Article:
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Conan the Barbarian review

August 22, 2011  |  5:12pm
<i>Conan the Barbarian</i> review

There are such things as bad movies that nonetheless deliver entertainment value, especially in the summertime. And Conan The Barbarian could be the best bad movie of the year.

It starts with perhaps the most goofy and violent birth ever to grace the big screen. Conan’s very pregnant mother sustains a wound to the stomach during a battle. As life ebbs from her and the fight rages around her, she makes a last request of her barbarian king: to see her son before she dies. And without any regard for her condition, Corin (Ron Perlman), makes that happen. It’s really funny stuff and, at the same time, kinda cool.

The origin story continues as Conan reaches his teens only to watch his village and his father cut down by the evil Khalar Zym (Stephen Lang). In a scene reminiscent of Sergio Leone’s Once Upon a Time in the West, the boy Conan must make a terrible choice that will forever change his life. It helps make him the barbarian king and sets Conan on a journey directed by revenge.

Conan the Barbarian is one violent picture. Heads and bodies seem to explode, and blood flows in buckets. Fourteen-year-old boys will wriggle with glee as Conan (Jason Momoa) cuts down his opponents with his Cimmerian steel blade and manhandles bare-breasted women by the gaggle. It is, perhaps, the comic violence and macho attitude that make the movie bearable. Women who see the film will probably laugh throughout and older men will just have to channel their inner boy. Whatever you do, just don’t try to make any sense of all the carnage and bloodletting.

The 1982 Conan feature was directed by John Milius, who went on to direct another 1980s hit, Red Dawn. (coincidentally, the Dawn remake should soon find its way to theaters soon). But the character was created by Robert E. Howard way back in the 1930s. Unlike Milius’ adaptation, co-written with Oliver Stone, the barbarian story in this 2011 version is really given the pulp treatment. Having seen the 1982 film many times, I have a nostalgic affinity for it. The movie launched the career of Arnold Schwarzenegger, and doggoneit it’s not that bad. This new attempt by remake director Marcus Nispel (see his new takes on The Texas Chainsaw Massacre and Friday the 13th) is a much sillier version.

Casting is an important draw here. Jason Momoa, most recently seen as Khal Drogo in the HBO hit Game of Thrones) makes a good Conan. He’s taller and leaner than Arnold and, arguably, a better actor in the role. So much of the action in the film is the product of computer animated magic, but it helps that key characters are played by actors that handle physical acting well. Stephen Lang does the best he can with the poorly written Khalar Zym, bringing the same intimidation factor that made him memorable in Avatar. Sadly, while Lang can be a scary screen presence, Zym is never really frightening. He’s a crude cupcake compared to the bad guy Thulsa Doom played by James Earl Jones in the 1982 version.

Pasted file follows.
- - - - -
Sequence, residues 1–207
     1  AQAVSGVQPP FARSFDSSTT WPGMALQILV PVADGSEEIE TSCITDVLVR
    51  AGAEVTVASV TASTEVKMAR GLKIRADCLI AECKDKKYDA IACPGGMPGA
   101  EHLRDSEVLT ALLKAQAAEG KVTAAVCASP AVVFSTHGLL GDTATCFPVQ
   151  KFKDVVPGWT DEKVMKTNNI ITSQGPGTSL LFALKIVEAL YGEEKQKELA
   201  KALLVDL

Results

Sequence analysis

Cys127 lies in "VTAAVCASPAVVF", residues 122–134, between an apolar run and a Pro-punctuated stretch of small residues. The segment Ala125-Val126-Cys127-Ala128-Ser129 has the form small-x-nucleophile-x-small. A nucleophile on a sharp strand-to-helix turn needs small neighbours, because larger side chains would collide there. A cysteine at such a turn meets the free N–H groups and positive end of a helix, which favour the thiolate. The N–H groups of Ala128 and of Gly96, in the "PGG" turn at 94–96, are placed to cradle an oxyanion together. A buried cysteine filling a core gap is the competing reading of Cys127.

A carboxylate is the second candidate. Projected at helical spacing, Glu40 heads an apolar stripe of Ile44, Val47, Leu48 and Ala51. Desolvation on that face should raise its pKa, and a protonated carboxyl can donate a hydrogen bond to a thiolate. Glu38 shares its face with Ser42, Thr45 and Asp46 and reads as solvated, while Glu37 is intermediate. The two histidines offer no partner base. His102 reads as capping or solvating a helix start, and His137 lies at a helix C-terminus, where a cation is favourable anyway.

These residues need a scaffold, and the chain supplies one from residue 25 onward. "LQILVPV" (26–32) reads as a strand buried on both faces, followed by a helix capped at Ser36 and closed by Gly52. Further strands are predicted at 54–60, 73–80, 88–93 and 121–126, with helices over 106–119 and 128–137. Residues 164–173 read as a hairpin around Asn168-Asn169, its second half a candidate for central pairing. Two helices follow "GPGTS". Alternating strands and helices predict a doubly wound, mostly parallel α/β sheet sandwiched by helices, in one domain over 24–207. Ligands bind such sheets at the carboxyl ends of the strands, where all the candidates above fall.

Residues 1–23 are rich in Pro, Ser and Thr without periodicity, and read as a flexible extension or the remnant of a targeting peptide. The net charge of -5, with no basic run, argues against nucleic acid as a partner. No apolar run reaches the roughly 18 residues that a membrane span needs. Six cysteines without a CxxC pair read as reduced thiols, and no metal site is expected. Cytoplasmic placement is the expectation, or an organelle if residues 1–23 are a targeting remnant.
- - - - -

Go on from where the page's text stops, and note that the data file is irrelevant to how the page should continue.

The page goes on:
Getting the best of things is Ron Perlman, whose large muscular frame has consistently landed him roles playing tough guys, from Hellboy to Jean-Pierre Jeunet’s City of Lost Children. As Conan’s rough-but-loving father, Perlman carries the early part of the movie. He brings sensitively and pathos to a flick that’s otherwise bland and as broad as a Cimmerian forged sword.

Rose McGowan looks crazy and unrecognizable as Zym’s witch daughter Marique. And while some weirdness is hinted at between the evil father and wicked daughter, the script does not play with that dynamic enough to make it really interesting. Rachel Nichols is fine as the fair and pretty polar opposite to McGowan’s menacing witch. But the women in the film are secondary to the sweaty musclebound men in the lead roles.

Strangely, this Conan lacks the spirituality that helped give the original some weight. Critics like Roger Ebert found the 1982 film controversial with the casting of James Earl Jones as the mystical heavy, opposite the blonde and Nordic looking Schwarzenegger. This time around, other than a misogynistic theme, nothing about Conan (2011) should ruffle any feathers.

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